Members of different faith traditions can learn from each other through civil discourse that respects real differences, prominent Catholic and Muslim leaders said during a Nov. 20 interfaith dialogue at the University of Notre Dame.
The conversation, which featured Cardinal Blase J. Cupich, archbishop of Chicago, and Daoud Casewit, president of American Islamic College, continued a meaningful dialogue begun by a pair of pioneering religious figures some 800 years ago, Sultan al-Malik al-Kamil of Egypt and Saint Francis of Assisi. The two met during the conflict of the Fifth Crusade. After each initially attempted to convert the other, they instead committed to listening and forging a friendship with each other.
The campus conversation also echoed the peaceful sentiments voiced in a recent joint declaration signed by Pope Francis and the Grand Imam of Al-Azhar, Ahmed el-Tayeb.
“Let us tonight take as our inspiration both the meeting of Francis and the Sultan, and the words of the Pope and the Grand Imam to gather as sisters and brothers engaged in respectful dialogue,” said University President Rev. John I. Jenkins, C.S.C. “Tonight’s event allows us to fulfill our mission of being a place of dialogue and learning, a Catholic institution where all sincerely held religious beliefs are respected, and a place where we seek ways to build peace and deepen understanding.”
Cupich said the conversation, and the dialogue it commemorated, came at an important time.
“We now live in an era when the idea of a clash of civilizations is shaping the understanding of international relations for many, particularly in terms of the encounter between Islam and the West in our own time,” he said. “The event we are remembering challenges that description instead with a message of hope.
“The message that I want you to take with you this evening is that dialogue should not simply aim at understanding,” Cupich said. “Dialogue should foster relationships that are mutually enriching, especially as those encounters can help us come to a fuller understanding of our own traditions and inspire us to be faithful to them.”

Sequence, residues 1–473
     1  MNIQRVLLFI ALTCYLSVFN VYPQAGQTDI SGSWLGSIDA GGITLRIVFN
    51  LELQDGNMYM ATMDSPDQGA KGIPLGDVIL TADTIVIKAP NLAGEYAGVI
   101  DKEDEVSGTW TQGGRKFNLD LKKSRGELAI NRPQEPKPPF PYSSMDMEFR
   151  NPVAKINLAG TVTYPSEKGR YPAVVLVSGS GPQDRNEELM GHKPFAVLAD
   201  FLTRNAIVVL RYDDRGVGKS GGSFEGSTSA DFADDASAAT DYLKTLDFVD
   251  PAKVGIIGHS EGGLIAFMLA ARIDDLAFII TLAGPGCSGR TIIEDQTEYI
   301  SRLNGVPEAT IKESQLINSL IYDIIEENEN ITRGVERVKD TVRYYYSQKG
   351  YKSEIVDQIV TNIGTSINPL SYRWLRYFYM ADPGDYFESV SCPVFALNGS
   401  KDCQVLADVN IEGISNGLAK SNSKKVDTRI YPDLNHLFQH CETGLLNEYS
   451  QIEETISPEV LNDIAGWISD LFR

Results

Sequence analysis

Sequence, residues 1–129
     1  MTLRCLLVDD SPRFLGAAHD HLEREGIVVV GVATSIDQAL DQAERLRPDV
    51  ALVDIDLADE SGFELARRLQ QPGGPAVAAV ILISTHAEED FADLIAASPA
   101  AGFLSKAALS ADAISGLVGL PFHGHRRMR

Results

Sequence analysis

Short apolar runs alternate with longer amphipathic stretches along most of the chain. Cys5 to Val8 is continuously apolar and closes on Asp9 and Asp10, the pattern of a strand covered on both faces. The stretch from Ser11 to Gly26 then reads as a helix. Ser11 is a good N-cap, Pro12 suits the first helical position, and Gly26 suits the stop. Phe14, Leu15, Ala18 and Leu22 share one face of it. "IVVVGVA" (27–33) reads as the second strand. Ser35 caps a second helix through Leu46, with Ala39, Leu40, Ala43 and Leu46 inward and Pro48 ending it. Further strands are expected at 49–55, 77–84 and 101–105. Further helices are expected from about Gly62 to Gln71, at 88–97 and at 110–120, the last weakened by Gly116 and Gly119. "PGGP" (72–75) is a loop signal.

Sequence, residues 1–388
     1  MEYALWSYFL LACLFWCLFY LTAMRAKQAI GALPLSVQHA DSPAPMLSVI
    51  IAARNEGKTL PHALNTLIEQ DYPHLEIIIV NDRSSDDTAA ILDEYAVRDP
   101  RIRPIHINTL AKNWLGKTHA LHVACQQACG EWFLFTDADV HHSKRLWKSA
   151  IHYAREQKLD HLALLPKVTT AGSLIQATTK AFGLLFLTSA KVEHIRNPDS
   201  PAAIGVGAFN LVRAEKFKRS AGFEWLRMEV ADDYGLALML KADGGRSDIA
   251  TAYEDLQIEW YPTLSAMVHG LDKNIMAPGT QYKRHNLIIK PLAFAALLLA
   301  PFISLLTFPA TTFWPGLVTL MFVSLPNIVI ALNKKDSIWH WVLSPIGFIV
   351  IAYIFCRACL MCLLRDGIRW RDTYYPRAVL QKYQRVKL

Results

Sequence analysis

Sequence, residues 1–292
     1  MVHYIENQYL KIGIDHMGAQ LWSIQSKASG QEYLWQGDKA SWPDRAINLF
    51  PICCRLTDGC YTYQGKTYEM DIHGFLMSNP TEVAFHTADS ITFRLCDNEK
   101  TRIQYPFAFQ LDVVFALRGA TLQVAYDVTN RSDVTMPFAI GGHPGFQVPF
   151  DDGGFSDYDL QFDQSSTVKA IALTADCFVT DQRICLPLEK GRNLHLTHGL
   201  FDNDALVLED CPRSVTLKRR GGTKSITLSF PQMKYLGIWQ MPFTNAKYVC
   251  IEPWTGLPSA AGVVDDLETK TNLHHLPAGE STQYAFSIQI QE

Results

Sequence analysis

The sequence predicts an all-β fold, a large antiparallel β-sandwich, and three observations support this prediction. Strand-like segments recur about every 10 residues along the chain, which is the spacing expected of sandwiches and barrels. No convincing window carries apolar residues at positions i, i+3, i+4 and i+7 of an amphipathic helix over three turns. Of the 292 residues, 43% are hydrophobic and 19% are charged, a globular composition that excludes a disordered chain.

Casewit said he frequently engages in interfaith collaboration in his role as president of American Islamic College and draws inspiration from Sultan al-Malik al-Kamil and Saint Francis, “two deeply pious persons who showed respect for one another despite the differences of their religious identities,” and leaders who could see beauty, truth, wisdom, and goodness in one another.
“While such an appreciation of the religious other has generally been the exception rather than the rule in the world of today, so prone to exclusivism and bigotry,” Casewit said, “there is a solid basis for it in the Qur’an.”
And in today’s environment, Casewit added, he has come to appreciate such an approach.
“Allow me to express my respect for and appreciation of the Catholic Church in this time of heightened Islamophobia, of possessing the moral compass under his Holiness, Pope Francis, to seek to humanize Muslims,” he said.
The Notre Dame conversation was hosted by the Ansari Institute for Global Engagement with Religion, which is part of Notre Dame’s Keough School of Global Affairs.
“Our mission is to advance integral human development,” said Scott Appleby, Marilyn Keough Dean of the Keough School of Global Affairs. “Although that concept comes from Catholic social teaching, it has great resonance and affinities with many of the values and principles of Islam, of other world religions, and indeed of many secular wisdom traditions in its emphasis on human dignity as the center of our efforts to advance human flourishing.”
The evening’s conversation was moderated by Mahan Mirza, the Ansari Institute’s executive director. Mirza talked with Cupich and Casewit about their own experiences of interfaith dialogue and the important role it plays in shaping a better world. He said the conversation was a helpful reality check at a time when fast-moving media cycles emphasize division and conflict.
“I want us all to pause for a brief moment to think about what’s happening here,” Mirza said. “We have in our midst leaders and practitioners from many of the world’s diverse faith traditions. With all the tensions and conflicts that exist in the world today, this is good.
“Reading the daily headlines, listening to round-the-clock pundits and media firebrands, or hanging out on social media networks that speak to conspiracies and reinforce prejudices, many of us tend to forget just how much good there is all around us every day.”
Originally published at ansari.nd.edu.